Writer / Artist
Shoplifter graphic novel review
  • North American Publisher / ISBN: Pantheon - 978-0-3079-1173-5
  • Release date: 2014
  • UPC: 9780307911735
  • Contains adult content?: no
  • Does this pass the Bechdel test?: no
  • Positive minority portrayal?: no
  • CATEGORIES: Slice of Life

Shoplifter is a polarising graphic novel. Everyone can agree that Michael Cho draws beautifully, but his meditation on disenchantment with the modern world has a greater resonance with the regular graphic novel buyer than the casual reader. It’s easy to speculate why, and the primary cause is reader alienation. We’re supposed to feel sorry for Corinna, drawn as an immensely attractive young woman who holds down a job in an advertising agency where a co-worker can casually talk about alimony payments of $7000 a month. She’s disillusioned, as while she makes massive amounts of money she saw herself writing novels by now, and hasn’t made the friends in the big city she thought she would. In order to add some little spice to her life, she occasionally steals a magazine from a shop.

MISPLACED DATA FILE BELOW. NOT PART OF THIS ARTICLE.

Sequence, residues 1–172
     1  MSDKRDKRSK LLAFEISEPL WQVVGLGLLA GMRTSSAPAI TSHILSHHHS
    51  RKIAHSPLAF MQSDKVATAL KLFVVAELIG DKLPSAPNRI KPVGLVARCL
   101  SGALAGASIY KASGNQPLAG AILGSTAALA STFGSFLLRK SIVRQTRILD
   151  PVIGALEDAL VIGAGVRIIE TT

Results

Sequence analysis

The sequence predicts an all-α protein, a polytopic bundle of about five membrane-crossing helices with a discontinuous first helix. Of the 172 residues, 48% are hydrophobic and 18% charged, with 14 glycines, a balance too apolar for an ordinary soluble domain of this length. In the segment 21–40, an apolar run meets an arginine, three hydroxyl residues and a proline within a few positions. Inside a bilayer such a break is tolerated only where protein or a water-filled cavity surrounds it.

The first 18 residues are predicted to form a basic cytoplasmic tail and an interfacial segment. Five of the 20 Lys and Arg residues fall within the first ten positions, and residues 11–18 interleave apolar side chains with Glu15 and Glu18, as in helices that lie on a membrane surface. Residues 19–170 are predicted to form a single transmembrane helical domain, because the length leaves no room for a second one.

This is a slim graphic novel, so by the time we’ve come to learn about Corinna and a situation that could be a dictionary definition of first world crisis, we’re a third of the way through. By the time Corinna’s called in for a meeting with the head of her agency who refers to their purpose as “the dreamers of capitalism” it’s hardly uncharitable to wonder who Cho is aiming at. It’s certainly not the vast majority of people who flinch when a bill is due and wonder if they’ll be taking a holiday this year, nor the people for whom even that’s a dream and whose contact with Shoplifter will come via borrowing it from their local library.

Mitigation is offered to some extent by the sheer joy of seeing Cho’s artwork, timeless graphic styling in three colours creating locations you could just walk into, and making the most mundane of them a palace of wonder. His people resonate, each distinct, not just a variation on a single face, and folk you can look in the eye. Eventually one of them also proves to be a recognisable human being in another sense, and amid the pages of introspective whining provides the story’s best moment. It’s otherwise hollow and unsympathetic.